List entry

List entry Summary

This building is listed under the Planning (Listed Buildings and Conservation Areas) Act 1990 as amended for its special architectural or historic interest.

Name: CHURCH OF ST JOHN THE BAPTIST

List entry Number: 1273274

Location

CHURCH OF ST JOHN THE BAPTIST

The building may lie within the boundary of more than one authority.

County District District Type Parish
WorcestershireWychavonDistrict AuthorityStrensham

National Park: Not applicable to this List entry.

Grade: I

Date first listed: 11-Feb-1965

Date of most recent amendment: Not applicable to this List entry.

Legacy System Information

The contents of this record have been generated from a legacy data system.

Legacy System: LBS

UID: 445361

Asset Groupings

This list entry does not comprise part of an Asset Grouping. Asset Groupings are not part of the official record but are added later for information.

List entry Description

Summary of Building

Legacy Record - This information may be included in the List Entry Details.

Reasons for Designation

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History

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Details

STRENSHAM

648/13/798 CHURCH OF ST JOHN THE BAPTIST 11-FEB-65

I DATES OF MAIN PHASES, NAME OF ARCHITECT: Parish church of C14 and C15.

MATERIALS: Walls are lime-rendered over grey lias rubble stone, and over brick to vestry, under tile roofs.

PLAN: Nave, lower and narrower chancel, west tower, south porch and north vestry.

EXTERIOR: The exterior is mainly in Tudor-Gothic style. The chancel east wall has red-sandstone angle buttresses and a small buttress below the 3-light east window with trefoil-headed lights. The chancel south wall has a chamfered priest's doorway and straight-headed 2-light window, possibly a bequest of 1405 from Sir John Russell. A shallow projection was built to accommodate the Russell tomb. In the north wall is a cusped 1-light window, blocked by an internal monument. In the roof slope above is the gabled roof of this monument. The north vestry has an embattled parapet. The nave has angle buttresses. North and south nave walls both have a single-light and two square-headed 2-light windows. The south porch has a double-chamfered entrance, with sundial above, and chamfered south nave doorway with a stoup on its R-hand side. On the north side is a plain square-headed doorway. The 3-stage tower has an embattled parapet, diagonal west buttresses and south-east stair turret. In the west wall is a moulded doorway surround, with weathered stoup to its right, and a 3-light Perpendicular window. The upper stage has 2-light bell openings.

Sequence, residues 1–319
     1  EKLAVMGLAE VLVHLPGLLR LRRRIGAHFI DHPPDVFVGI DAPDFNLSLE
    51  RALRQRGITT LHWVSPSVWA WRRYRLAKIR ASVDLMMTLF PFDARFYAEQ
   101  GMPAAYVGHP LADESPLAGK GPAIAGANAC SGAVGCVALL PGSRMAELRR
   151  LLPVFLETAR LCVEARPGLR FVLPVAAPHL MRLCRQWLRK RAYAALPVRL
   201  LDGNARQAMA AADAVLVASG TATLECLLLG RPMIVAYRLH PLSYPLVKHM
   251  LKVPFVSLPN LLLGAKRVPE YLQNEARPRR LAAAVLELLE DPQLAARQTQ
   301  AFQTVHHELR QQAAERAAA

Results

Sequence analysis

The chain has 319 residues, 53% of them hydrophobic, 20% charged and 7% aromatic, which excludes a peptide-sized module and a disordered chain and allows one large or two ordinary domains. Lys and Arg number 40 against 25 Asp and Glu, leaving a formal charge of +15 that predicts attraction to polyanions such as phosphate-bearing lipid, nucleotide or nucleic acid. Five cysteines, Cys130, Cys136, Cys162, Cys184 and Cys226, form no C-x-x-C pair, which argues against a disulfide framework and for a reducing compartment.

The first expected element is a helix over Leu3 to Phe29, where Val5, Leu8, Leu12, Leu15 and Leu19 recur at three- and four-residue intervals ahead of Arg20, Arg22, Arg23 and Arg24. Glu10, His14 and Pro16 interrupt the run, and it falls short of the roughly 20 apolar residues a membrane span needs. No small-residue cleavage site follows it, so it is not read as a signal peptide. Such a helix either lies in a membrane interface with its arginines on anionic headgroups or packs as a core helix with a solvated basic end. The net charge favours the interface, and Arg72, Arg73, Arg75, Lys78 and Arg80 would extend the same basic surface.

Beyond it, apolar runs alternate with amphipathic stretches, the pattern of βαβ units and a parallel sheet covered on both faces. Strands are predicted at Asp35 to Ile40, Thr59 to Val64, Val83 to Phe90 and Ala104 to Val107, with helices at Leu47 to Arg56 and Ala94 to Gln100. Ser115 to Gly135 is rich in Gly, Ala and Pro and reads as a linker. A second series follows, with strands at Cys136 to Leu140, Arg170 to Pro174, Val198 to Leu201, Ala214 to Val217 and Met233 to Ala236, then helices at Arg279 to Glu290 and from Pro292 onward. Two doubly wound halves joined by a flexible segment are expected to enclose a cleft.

INTERIOR: The C14 chancel arch is double-chamfered, with inner order on corbels. The chancel has a plastered segmental barrel ceiling in which ashlar pieces are visible that are probably medieval and suggest that the plaster covers a medieval roof. The nave has a wide plastered barrel ceiling, probably C15, divided into panels by moulded ribs and wall plate, and 3 richly moulded tie beams. An angel boss is attached to the soffit of one of the beams. There is a blocked chamfered tower arch. Walls are plastered. The nave floor is worn C15 tiles of 2 colours, with bricks at the west end, and with raised wood floors below the benches. The chancel and sanctuary are stone-paved.